Our daily experience as individuals is so concrete and seemingly undeniable in its reality that the idea of selflessness is very difficult to grasp or hold. It can seem unfathomable, even absurd, from the perspective of the everyday. Perhaps the metaphors offered below will reveal new ways to imagine this timeless conundrum.

Ticking Watch  Listen to your watch tick for a moment. Now imagine trying to isolate the tick that you hear. If you took the watch apart one piece at a time, you would never find it, because the tick by itself does not exist. It is created by the interaction between the different elements of the watch. When the mechanism is disassembled, the tick disappears. Something similar happens when scientists look for the illusory self in the body or mind. Neuroscientists, biologists, physiologists, and psychologists have systematically examined and dissected the psychophysical organism for over a hundred years and have never been able to locate a self or a quantifiable source of consciousness. There is no scientific evidence to refute the mystical realization that the body and mind operate without any apparent direction. As the tick in the watch disappears when the timepiece is disassembled, the self cannot be found when the non-self parts are scrutinized one by one.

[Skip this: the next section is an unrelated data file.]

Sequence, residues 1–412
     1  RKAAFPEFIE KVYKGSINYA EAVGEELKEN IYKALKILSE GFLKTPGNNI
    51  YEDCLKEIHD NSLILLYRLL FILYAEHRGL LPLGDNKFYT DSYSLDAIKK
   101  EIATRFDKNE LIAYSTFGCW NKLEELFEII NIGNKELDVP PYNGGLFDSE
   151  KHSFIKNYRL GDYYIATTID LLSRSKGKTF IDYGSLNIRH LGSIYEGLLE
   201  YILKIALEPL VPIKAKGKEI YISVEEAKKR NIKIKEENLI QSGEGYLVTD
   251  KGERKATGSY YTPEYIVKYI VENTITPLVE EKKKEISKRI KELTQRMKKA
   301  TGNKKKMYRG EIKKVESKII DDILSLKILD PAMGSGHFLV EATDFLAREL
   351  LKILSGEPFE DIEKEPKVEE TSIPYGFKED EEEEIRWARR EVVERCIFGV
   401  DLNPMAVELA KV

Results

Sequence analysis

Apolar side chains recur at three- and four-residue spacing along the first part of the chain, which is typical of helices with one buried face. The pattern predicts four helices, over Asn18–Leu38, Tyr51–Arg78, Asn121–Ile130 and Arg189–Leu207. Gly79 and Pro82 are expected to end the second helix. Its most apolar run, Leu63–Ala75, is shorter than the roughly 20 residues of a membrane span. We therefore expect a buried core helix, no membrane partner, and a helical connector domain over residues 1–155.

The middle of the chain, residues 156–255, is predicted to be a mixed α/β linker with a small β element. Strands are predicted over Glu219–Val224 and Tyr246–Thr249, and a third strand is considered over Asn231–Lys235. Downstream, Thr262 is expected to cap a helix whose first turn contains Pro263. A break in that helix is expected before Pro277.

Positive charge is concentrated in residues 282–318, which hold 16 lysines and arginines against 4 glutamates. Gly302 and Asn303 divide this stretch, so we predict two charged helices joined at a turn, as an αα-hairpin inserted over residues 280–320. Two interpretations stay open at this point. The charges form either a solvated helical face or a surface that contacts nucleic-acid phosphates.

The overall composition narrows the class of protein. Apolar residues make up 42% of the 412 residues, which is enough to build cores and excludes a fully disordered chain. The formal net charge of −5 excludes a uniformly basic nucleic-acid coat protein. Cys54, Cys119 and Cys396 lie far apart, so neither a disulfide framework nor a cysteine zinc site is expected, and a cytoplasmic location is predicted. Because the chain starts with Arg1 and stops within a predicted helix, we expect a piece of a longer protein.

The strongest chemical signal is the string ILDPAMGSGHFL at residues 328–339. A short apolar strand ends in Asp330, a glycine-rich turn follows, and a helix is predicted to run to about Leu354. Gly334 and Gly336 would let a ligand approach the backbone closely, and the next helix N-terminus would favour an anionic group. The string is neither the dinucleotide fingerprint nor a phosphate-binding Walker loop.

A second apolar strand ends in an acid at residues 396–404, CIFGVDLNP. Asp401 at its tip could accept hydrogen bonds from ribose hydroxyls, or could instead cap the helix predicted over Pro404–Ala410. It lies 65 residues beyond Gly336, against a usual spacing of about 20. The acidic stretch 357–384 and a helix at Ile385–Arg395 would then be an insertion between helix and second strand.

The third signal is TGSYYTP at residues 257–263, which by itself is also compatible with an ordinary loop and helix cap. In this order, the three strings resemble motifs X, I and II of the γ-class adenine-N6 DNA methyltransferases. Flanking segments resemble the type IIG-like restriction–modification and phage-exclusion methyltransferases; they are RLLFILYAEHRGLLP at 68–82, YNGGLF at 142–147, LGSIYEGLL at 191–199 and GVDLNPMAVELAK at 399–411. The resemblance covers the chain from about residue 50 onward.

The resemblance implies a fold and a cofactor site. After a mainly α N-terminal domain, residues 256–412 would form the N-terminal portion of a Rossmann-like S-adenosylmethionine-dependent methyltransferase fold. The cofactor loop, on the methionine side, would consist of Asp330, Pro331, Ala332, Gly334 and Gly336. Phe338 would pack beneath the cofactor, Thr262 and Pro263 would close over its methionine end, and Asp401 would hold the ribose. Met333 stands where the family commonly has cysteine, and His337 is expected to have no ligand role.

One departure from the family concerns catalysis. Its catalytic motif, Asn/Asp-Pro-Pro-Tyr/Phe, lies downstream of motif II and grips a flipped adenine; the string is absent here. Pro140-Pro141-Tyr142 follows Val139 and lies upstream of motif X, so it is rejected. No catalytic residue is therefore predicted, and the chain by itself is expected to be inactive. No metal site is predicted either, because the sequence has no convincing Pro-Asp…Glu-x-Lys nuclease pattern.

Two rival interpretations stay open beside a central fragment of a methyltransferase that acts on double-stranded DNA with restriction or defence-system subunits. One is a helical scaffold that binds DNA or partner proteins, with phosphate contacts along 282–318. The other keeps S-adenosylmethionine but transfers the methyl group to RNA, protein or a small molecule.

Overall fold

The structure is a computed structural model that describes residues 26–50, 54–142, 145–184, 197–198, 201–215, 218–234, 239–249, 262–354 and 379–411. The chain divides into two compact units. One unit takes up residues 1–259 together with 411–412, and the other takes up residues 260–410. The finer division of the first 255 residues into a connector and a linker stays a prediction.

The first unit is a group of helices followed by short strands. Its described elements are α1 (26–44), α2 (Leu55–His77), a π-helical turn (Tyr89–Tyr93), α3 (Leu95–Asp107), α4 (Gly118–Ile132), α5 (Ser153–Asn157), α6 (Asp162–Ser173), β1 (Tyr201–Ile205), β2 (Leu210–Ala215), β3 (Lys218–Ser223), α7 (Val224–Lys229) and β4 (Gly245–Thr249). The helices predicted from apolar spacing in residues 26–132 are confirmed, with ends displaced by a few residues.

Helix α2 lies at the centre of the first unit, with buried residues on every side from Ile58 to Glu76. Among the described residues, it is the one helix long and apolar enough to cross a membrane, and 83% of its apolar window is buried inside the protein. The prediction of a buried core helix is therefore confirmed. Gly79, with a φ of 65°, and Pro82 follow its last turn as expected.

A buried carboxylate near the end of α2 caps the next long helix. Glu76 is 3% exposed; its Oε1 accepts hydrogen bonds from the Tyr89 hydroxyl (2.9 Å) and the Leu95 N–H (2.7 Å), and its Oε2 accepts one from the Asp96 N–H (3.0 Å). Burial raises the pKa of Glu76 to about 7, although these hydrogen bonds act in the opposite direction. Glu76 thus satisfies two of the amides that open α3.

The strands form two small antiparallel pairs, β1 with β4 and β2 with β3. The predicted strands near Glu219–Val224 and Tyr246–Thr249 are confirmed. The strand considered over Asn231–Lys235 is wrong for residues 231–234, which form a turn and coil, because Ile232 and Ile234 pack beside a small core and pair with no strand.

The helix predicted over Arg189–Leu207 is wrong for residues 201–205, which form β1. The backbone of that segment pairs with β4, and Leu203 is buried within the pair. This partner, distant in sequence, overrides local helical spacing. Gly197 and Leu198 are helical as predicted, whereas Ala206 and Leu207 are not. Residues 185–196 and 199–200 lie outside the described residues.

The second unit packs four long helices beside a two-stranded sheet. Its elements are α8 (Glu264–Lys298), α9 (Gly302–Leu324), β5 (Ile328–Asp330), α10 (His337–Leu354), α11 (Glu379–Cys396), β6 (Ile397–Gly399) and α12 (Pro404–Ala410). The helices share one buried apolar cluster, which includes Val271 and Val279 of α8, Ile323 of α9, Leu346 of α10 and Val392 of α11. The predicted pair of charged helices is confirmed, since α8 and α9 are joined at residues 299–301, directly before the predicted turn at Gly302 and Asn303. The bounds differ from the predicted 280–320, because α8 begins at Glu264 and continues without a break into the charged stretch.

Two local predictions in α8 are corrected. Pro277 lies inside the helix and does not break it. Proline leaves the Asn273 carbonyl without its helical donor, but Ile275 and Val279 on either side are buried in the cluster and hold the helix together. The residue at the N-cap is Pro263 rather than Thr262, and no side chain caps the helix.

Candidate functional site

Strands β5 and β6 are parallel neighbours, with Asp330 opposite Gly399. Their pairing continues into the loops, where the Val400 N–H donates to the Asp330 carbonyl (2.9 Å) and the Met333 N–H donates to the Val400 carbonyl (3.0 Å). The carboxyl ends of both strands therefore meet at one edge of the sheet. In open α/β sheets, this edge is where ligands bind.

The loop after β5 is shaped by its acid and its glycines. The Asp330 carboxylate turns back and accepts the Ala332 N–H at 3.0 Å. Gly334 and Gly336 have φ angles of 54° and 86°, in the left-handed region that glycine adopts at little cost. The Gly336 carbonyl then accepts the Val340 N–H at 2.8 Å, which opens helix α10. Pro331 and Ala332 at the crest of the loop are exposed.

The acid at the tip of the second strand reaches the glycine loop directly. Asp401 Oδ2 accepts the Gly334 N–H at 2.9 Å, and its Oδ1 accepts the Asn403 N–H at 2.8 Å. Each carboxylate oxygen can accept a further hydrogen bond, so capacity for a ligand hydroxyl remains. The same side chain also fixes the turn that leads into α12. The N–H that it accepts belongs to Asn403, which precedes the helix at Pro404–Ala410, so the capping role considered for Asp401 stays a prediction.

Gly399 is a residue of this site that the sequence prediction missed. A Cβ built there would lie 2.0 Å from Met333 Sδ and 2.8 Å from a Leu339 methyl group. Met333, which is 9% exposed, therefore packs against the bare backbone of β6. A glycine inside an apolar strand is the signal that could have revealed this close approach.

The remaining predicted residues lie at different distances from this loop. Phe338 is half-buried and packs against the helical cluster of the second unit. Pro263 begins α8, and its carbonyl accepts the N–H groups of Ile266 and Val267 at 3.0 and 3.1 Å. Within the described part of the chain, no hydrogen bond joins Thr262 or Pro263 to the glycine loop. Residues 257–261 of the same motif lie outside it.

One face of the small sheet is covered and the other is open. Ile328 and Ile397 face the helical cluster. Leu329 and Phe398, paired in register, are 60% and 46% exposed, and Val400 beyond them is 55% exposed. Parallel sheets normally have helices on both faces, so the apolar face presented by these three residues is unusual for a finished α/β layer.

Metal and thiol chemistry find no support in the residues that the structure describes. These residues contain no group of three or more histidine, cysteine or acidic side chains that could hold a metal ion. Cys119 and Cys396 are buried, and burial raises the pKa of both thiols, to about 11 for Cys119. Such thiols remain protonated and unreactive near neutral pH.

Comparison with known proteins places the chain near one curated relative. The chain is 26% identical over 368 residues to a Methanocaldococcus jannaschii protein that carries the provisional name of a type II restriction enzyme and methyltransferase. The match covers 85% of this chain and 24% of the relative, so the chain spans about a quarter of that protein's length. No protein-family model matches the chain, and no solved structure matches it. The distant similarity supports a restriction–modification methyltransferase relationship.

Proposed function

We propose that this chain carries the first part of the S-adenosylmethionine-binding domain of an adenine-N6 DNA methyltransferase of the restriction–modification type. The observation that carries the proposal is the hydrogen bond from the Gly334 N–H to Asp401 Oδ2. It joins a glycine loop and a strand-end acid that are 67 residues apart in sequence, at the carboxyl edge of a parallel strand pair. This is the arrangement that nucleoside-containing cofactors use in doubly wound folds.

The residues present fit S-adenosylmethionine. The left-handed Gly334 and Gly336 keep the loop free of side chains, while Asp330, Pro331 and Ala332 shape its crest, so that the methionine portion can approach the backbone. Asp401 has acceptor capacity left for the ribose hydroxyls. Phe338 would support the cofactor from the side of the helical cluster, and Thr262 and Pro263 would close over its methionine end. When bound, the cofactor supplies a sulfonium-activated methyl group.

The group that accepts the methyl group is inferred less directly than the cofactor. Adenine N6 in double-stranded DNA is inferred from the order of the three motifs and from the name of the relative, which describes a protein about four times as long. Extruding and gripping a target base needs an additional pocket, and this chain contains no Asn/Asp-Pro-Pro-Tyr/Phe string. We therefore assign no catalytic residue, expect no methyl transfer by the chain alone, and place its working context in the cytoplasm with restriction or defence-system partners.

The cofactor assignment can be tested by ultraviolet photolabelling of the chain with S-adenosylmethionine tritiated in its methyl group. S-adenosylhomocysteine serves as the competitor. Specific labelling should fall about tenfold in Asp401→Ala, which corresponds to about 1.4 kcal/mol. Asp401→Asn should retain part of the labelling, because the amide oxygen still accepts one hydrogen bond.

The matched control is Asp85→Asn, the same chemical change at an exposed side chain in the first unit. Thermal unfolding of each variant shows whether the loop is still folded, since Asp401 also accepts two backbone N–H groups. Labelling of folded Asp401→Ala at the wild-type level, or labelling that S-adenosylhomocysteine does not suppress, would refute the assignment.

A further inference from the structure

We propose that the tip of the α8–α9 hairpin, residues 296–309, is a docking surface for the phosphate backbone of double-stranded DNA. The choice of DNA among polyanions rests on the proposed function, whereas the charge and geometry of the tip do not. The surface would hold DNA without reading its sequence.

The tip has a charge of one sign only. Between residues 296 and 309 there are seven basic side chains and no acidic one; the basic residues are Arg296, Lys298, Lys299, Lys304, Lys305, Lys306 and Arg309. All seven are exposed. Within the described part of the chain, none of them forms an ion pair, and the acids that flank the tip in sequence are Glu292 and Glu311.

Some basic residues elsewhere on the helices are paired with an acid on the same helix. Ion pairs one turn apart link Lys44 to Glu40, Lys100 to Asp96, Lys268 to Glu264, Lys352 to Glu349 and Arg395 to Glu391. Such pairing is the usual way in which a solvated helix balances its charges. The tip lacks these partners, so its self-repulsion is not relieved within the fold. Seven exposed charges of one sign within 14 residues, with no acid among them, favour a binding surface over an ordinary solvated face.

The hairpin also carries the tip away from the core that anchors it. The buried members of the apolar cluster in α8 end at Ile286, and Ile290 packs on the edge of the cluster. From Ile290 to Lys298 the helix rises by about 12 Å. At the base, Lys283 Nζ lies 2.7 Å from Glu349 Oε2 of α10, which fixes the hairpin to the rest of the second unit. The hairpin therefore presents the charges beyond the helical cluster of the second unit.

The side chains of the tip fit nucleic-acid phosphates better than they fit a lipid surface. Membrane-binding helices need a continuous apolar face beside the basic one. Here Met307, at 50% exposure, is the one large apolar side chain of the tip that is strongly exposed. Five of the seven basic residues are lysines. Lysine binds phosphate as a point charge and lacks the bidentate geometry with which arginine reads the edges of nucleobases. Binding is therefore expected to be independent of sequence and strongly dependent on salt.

Hurricanes  At certain times of the year, the hurricane and typhoon seasons begin in the oceans of the world. Weather forecasters watch for disturbances in water and air; when a storm system gains enough size and strength and definition, the forecasters give it a name, chart its progress, predict its path, and issue warnings. Then, just as quickly, the storm fades from the radar. Like the self, storms are processes devoid of any fixed or inherent entity. When the elements necessary for their arising coalesce, they appear to exist, and as those same causes and conditions drop away, the appearance dissolves.

Wavicle  New Physicists coined the term wavicle to convey the fact that subatomic objects exhibit two very different properties, that of a “wave” and that of a “particle.” Since it was impossible to observe both properties at the same time, the off-and-on existence of an object proved to be dependent on the apparatus chosen for the experiment. In other words, it was the way the observer chose to measure it that determined what he or she saw. If the observer used one instrument to determine its location, the object appeared as a particle; if the observer chose a different instrument to calculate its speed, it behaved like a wave. This wave/particle phenomenon offers an interesting analogy for the nature of selflessness: the particle is like the self that exists in duality, while the wave represents nonduality, where no separate entity is “seen.” Just as the apparatus of observation determined whether an observer saw the wave or the particle, it is our apparatus of perception—our use of concepts to package what we experience—that reveals a world filled with “particles,” or separate entities, and most importantly the self. When we use intuition and insight to replace our dependence on thought, we can see the wave: we can awaken to an extraordinarily different reality, a world without boundaries. And in both cases, consciousness is key in determining what we experience. There is no preexisting reality “out there,” independent of the participant observer.